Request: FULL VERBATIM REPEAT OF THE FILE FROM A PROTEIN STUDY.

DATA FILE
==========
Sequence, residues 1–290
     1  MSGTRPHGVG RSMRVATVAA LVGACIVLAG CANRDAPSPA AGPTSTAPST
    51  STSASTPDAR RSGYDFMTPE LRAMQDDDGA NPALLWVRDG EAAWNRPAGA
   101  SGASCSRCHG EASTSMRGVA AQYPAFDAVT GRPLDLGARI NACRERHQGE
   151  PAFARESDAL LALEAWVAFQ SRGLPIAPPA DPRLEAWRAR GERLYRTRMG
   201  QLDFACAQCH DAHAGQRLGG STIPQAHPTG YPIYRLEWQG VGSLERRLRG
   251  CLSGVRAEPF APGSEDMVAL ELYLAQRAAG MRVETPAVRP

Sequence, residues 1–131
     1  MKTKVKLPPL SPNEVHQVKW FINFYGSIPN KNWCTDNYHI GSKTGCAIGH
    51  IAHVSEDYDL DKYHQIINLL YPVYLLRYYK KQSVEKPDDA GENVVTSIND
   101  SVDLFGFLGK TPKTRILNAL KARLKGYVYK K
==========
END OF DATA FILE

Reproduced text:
Sequence, residues 1–290
     1  MSGTRPHGVG RSMRVATVAA LVGACIVLAG CANRDAPSPA AGPTSTAPST
    51  STSASTPDAR RSGYDFMTPE LRAMQDDDGA NPALLWVRDG EAAWNRPAGA
   101  SGASCSRCHG EASTSMRGVA AQYPAFDAVT GRPLDLGARI NACRERHQGE
   151  PAFARESDAL LALEAWVAFQ SRGLPIAPPA DPRLEAWRAR GERLYRTRMG
   201  QLDFACAQCH DAHAGQRLGG STIPQAHPTG YPIYRLEWQG VGSLERRLRG
   251  CLSGVRAEPF APGSEDMVAL ELYLAQRAAG MRVETPAVRP

Sequence, residues 1–131
     1  MKTKVKLPPL SPNEVHQVKW FINFYGSIPN KNWCTDNYHI GSKTGCAIGH
    51  IAHVSEDYDL DKYHQIINLL YPVYLLRYYK KQSVEKPDDA GENVVTSIND
   101  SVDLFGFLGK TPKTRILNAL KARLKGYVYK K